Summary: Our goal to be justice and focus to be software patents in months to come, with emphasis on Android and Linux
THE latest of Android is going to be shown soon, so as a developer I am very excited. Having said that, in a world polluted by patents developers are in a trap they often underestimate until they become bigger and get sued. Next month I will try to catch up with two months of news about software patents (there’s considerable backlog in my mail client).
Boycott Novell is no longer a priority, but Groklaw keeps on looking at Novell, the context being Microsoft antitrust:
The jury at this trial eventually deadlocked on damages, although they all agreed Microsoft was guilty of anticompetitive behavior or so the jurors who talked about it indicated, so we are waiting for the judge to decide if there will be a second jury or whether he will hand a win to Microsoft without a second trial. While we wait, we’re putting the transcripts here, as text, so we can learn more about trials and for historians, so that searching by keywords will be easier.
I just posted an exhibit, as text, in our Comes v. Microsoft antitrust trial exhibit collection, #1309 [PDF], that seems pertinent. It’s an executive level email to Frankenberg on what Novell should do going forward in that Microsoft saw them as a real threat and was willing to do anything to destroy them. The email’s subject line is “High-Stakes Strategy Decisions.” The part that I found interesting is that this May 25, 1995 email indicates that Novell thought of itself then as Microsoft’s only real competition, and that as of that point, it felt it was holding its own. Microsoft at the trial portrayed Novell as a bunch of lead-footed bunglers, who destroyed their own chances. But that seems to be a latter-day revisionism. The email says:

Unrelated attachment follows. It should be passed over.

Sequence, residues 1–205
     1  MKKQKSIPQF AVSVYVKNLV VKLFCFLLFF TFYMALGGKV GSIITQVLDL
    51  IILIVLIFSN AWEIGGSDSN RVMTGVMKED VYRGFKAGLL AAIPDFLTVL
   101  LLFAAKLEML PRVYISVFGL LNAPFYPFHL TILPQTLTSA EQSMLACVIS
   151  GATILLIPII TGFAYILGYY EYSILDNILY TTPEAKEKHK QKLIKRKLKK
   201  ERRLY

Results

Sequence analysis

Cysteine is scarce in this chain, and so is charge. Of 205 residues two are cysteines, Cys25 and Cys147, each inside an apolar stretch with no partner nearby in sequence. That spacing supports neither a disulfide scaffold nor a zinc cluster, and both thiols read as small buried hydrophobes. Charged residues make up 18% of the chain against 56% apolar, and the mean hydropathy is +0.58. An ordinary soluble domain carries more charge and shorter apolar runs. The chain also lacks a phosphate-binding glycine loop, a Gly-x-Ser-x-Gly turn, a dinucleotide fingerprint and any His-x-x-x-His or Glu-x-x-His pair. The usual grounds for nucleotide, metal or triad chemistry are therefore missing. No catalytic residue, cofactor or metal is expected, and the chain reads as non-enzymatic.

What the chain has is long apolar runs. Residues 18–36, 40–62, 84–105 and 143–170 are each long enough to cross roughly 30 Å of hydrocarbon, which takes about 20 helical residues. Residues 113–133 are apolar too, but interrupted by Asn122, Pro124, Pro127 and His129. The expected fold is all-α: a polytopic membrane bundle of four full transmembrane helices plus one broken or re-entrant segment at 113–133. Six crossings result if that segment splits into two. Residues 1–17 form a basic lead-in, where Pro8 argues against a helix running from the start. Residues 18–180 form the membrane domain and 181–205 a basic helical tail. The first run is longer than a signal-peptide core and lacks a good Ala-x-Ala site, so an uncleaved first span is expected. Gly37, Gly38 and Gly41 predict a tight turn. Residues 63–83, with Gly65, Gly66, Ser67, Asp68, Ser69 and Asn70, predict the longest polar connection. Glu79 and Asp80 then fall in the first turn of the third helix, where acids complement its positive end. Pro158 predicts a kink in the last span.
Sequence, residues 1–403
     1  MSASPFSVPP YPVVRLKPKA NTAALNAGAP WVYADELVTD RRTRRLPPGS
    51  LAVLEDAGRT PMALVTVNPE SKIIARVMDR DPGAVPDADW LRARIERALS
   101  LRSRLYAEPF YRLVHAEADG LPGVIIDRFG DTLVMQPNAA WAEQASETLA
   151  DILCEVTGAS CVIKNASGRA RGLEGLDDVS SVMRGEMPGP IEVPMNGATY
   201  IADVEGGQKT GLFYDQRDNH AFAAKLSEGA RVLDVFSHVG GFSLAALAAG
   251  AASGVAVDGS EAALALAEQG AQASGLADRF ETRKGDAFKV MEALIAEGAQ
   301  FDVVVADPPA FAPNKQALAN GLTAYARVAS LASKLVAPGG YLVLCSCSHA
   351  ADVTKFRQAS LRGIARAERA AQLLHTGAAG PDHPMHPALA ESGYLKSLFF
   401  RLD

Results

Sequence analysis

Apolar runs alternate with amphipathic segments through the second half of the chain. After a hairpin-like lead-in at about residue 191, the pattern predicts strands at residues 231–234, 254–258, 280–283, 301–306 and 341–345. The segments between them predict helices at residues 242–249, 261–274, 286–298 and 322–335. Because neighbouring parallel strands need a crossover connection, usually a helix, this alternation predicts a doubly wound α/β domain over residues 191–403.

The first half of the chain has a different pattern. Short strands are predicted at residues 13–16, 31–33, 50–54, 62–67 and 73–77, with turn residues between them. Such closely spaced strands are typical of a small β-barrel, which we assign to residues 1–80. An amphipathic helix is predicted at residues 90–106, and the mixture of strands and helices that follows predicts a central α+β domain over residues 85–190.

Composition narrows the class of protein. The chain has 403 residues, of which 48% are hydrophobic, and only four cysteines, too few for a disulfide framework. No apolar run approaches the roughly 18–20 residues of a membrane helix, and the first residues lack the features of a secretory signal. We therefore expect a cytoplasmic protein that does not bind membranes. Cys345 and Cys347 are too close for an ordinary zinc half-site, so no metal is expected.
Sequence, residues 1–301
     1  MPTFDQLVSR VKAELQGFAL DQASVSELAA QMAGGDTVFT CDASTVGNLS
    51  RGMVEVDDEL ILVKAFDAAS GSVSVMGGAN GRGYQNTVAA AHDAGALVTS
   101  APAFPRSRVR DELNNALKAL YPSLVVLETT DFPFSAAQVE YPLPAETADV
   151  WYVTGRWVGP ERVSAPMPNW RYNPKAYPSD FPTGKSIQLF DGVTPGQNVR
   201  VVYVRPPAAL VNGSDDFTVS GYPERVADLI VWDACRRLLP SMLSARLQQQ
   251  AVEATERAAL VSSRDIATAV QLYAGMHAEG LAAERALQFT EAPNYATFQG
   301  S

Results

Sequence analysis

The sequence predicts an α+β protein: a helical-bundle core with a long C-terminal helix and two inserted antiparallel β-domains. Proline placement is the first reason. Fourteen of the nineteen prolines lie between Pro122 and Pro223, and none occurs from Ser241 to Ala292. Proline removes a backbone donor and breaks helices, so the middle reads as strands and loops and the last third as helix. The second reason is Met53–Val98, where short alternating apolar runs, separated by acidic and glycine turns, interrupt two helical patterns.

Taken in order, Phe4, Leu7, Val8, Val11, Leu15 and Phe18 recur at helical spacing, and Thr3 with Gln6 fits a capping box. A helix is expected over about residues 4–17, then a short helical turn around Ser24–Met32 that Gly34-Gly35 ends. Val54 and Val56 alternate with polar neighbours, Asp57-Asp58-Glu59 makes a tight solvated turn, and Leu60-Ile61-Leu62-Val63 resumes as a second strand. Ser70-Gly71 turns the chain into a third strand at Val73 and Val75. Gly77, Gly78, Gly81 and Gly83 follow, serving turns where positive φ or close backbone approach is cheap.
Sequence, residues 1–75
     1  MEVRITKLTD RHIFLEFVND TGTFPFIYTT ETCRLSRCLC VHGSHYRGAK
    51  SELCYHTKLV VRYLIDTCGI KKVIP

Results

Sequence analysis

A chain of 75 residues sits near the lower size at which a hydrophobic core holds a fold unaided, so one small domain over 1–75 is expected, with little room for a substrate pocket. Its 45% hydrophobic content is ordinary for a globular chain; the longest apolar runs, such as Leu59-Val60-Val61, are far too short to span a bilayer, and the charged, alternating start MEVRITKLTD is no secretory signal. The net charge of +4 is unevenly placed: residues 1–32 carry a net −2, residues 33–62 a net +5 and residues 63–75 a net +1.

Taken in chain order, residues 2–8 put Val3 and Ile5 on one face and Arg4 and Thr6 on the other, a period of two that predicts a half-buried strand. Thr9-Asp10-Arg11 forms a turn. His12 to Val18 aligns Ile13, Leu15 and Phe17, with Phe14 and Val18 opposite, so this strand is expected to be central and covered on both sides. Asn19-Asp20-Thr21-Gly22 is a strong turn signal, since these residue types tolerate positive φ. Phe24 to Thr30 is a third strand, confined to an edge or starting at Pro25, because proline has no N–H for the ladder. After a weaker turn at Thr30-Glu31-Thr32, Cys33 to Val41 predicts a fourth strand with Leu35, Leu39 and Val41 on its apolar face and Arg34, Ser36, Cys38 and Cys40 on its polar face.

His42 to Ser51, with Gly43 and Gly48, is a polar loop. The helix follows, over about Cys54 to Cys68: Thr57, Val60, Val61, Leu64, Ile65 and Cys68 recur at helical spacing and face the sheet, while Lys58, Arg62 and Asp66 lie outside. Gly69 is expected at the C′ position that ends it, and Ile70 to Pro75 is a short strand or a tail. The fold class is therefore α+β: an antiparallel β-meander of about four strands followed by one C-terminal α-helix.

Microsoft knows that Novell has the potential to become a long-term major player in general-purpose software, and REGARDLESS of whether we position ourselves in that way, Microsoft knows that we’re in that position, and will stop at nothing to destroy us.
The point of the litigation, from Novell’s viewpoint, is that a few months later, when Windows 95 was released, Novell was stabbed in the back by some Microsoft dirty tricks involving documentation, so Novell couldn’t be ready by launch date with WordPerfect. This email supports Novell’s position, rather than Microsoft’s, given the date.
It is nice to be able to use Comes vs. Microsoft even 5 years or more after it was first released to the public. Microsoft’s crimes and evidence of them are not going away, Time does not heal injustice. Microsoft receives a lot of coverage in Techrights because Microsoft commits many crimes. █